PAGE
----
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Arizona Hispanics Poised To Swing State Blue

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Edit note: This report contains accounts of rape, violence and other disturbing events.

Sex trafficking wasn't a major concern in the early 1980s, when Beth Jacobs was a teenager. If you were a prostitute, the thinking went, it was your choice.

Jacobs thought that too, right up until she came to on the lot of a dark truck stop one night. She says she had asked a friendly-seeming man for a ride home that afternoon.

Jacobs says he gave her something in an old McDonald's cup — a drug — and as she was waking up the man announced that he was a pimp. Her pimp.

The Boston Citgo sign, all 3,600 square LED feet of which has served as the backdrop to Red Sox games since 1965, is now officially a "pending landmark."

Spanish Surrealist Salvador Dalí spent much of the 1940s in the U.S., avoiding World War II and its aftermath. He was a well-known fixture on the art scene in Monterey, Calif. — and that's where the largest collection of Dalí's work on the West Coast is now open to the public.

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Hardening Of Human Arteries Turns Out To Be A Very Old Story

Mar 11, 2013
Originally published on March 13, 2013 1:23 pm

Going "paleo" may not be the answer to heart disease, after all.

A few years ago, a team of researchers challenged our understanding of heart disease as a modern affliction. They found evidence of hardened arteries in the CT scans of ancient Egyptian mummies.

It was a little surprising since our predecessors didn't have fried chicken or cars.

Some critics claimed that because of their high socioeconomic status the Egyptians studied had probably been pretty sedentary and had probably eaten a diet of rich foods— a lot like many of us today. The prevalence of hardened arteries in those mummies surely couldn't be expected in all ancient Egyptians, or across all ancient cultures, the skeptics reasoned.

Well, the same research team did another study, broadening the the analysis to include mummies from three other preindustrial populations: 51 ancient Peruvians, five Ancestral Puebloans of the U.S. Southwest and five Unangan of Alaska's Aleutian Islands. They also included 76 more ancient Egyptians.

"We expanded our search to other mummies on other continents, in other cultures and found something similar," says Randall Thompson, a cardiologist and co-author of the The Lancet study.

Ultimately, calcium deposits signifying atherosclerosis were not hard to find across the four different cultures. More than a third of the 137 mummies showed signs of probable or definite hardened arteries, with 25 cases of calcification in the walls of preserved arteries and another 24 along the expected course of an artery.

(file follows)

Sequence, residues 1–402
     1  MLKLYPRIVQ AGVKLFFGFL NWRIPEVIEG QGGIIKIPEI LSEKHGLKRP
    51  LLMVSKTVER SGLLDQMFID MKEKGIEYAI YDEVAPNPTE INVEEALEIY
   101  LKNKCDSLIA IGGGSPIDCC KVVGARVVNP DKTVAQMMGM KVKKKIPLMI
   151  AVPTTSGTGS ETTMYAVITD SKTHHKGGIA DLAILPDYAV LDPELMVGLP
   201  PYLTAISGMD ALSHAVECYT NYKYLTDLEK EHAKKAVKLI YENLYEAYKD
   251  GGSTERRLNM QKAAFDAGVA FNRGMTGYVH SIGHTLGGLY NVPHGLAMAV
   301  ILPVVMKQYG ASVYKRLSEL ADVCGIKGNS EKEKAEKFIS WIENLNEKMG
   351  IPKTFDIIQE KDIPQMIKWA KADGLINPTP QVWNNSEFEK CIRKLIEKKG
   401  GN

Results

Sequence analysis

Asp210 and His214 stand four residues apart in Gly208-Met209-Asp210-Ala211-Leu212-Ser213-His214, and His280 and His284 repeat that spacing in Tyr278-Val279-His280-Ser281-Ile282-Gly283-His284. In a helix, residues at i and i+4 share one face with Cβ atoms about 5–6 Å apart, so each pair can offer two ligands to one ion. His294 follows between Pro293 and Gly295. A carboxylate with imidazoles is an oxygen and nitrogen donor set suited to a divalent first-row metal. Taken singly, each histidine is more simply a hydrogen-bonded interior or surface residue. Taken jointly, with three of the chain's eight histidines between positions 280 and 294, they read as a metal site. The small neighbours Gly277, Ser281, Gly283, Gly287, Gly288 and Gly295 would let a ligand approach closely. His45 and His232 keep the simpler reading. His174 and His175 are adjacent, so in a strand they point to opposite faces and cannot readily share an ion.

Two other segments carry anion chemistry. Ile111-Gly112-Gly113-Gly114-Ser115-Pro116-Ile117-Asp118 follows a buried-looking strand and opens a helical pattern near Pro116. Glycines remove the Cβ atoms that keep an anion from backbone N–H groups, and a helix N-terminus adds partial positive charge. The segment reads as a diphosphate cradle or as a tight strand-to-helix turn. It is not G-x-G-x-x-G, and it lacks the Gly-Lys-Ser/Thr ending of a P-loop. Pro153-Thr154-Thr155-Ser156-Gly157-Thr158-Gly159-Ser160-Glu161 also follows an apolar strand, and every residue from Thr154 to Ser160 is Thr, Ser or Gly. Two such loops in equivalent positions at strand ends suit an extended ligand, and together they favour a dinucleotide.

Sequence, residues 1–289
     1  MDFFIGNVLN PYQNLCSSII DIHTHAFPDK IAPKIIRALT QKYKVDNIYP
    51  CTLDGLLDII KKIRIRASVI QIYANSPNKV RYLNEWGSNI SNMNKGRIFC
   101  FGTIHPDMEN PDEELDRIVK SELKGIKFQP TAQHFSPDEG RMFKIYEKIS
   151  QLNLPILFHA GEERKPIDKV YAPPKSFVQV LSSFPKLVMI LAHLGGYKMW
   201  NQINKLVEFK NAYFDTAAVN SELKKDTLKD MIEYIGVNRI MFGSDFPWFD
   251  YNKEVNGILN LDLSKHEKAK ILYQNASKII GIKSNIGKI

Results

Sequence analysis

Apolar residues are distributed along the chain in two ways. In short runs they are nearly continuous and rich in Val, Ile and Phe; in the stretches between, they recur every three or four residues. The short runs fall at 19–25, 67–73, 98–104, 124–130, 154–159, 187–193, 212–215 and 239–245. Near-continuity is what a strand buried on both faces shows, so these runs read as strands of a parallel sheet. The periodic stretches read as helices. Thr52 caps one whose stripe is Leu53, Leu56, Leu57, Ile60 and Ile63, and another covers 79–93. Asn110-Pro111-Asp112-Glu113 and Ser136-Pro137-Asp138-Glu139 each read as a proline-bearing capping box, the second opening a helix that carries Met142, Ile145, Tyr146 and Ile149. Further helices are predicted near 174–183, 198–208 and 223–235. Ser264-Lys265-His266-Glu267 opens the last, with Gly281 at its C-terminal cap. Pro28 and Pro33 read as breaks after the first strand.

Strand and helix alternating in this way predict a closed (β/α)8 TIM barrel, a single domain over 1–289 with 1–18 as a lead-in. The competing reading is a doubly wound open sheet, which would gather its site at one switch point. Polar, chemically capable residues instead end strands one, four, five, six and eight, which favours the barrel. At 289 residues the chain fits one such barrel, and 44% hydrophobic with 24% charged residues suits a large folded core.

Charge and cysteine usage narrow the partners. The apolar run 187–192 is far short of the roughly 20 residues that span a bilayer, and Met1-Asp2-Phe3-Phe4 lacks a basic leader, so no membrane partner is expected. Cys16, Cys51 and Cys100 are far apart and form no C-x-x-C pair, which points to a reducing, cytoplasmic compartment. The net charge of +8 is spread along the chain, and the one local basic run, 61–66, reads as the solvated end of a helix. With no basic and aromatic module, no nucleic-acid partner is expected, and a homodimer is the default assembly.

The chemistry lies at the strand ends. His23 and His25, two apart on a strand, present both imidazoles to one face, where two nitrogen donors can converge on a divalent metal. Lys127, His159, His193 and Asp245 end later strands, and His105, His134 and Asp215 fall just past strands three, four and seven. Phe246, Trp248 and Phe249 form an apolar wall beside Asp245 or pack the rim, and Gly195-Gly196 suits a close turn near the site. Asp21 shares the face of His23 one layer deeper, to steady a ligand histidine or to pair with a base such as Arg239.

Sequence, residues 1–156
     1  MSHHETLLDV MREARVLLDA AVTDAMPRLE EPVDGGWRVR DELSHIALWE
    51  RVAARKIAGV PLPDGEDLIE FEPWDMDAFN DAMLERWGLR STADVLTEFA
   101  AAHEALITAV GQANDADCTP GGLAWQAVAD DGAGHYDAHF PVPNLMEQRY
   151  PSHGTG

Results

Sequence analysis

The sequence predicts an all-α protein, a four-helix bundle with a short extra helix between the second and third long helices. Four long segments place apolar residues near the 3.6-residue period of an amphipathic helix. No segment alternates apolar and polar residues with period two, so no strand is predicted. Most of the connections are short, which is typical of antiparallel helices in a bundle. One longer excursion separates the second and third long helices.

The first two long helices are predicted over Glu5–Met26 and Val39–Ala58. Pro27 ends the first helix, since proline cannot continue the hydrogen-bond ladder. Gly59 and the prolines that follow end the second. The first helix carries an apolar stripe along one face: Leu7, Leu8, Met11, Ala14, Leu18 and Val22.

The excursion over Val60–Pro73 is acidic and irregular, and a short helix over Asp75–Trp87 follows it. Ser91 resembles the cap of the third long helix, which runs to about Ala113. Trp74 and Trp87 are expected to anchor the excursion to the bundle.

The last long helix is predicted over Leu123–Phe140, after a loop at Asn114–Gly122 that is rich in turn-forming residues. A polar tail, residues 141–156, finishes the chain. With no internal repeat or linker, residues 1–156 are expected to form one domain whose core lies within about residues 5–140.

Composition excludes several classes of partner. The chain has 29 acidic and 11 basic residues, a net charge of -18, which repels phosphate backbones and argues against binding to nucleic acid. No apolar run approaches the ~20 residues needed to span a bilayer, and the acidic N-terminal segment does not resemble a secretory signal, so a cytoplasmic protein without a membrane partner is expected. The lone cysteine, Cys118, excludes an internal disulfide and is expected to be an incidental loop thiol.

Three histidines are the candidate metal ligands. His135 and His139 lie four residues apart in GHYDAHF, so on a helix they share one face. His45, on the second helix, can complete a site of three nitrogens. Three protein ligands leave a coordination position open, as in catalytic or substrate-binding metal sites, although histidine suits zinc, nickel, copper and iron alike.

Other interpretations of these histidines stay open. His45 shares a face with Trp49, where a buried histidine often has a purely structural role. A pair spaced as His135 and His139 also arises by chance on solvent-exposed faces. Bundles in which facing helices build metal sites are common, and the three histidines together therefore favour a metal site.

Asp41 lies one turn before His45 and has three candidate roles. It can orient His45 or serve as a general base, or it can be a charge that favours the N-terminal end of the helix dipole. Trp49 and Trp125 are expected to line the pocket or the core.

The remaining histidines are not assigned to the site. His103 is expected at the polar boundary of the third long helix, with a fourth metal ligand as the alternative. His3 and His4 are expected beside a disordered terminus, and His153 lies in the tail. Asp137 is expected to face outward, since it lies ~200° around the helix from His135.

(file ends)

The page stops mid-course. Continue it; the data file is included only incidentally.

The results strengthened the researchers' previous claim that even if modern humans emulated preindustrial life, hardened arteries couldn't necessarily be avoided.

"It's amazing that you can see this disease in all these different populations across 4,000 years of history, across three continents — such a wide span across the globe and all sorts of different diets and lifestyles and climates," Thompson says. "Our conclusion is that, in large part, heart disease is part of human ageing and that we have risk factors that we don't understand yet."

The research brought together experts in cardiology, archaeology, anthropology, paleopathology and biology from around the world. "All brought expertise and were able to tell me things about the people that we were scanning that went above and beyond what we could tell from the CT scans," Thompson says. "It was like they became our patients."

From here, the team wants to stay on the mystery and delve into possible risk factors for these ancestors, possibly examining tissue or genetic samples, Thompson says. "We're trying to reach back as far as we can for the origins of this disease because it impacts modern people so much."

Even so, Dr. Mike Knapton, of the British Heart Foundation, told The Associated Press, that calcified arteries could also be caused by other health problems and that it wasn't possible to say from the CT scans alone whether the calcium deposits in the mummies would have triggered heart attacks or strokes. "It's a fascinating study but I'm not sure we can say atherosclerosis is an inevitable part of aging," he said.

Thompson, for his part, says that the mummy findings don't invalidate any of the current research associating unhealthy diets, a lack of exercise, and smoking with heart disease. "There are certainly diets and lifestyles that are healthier than others and we should advocate those."

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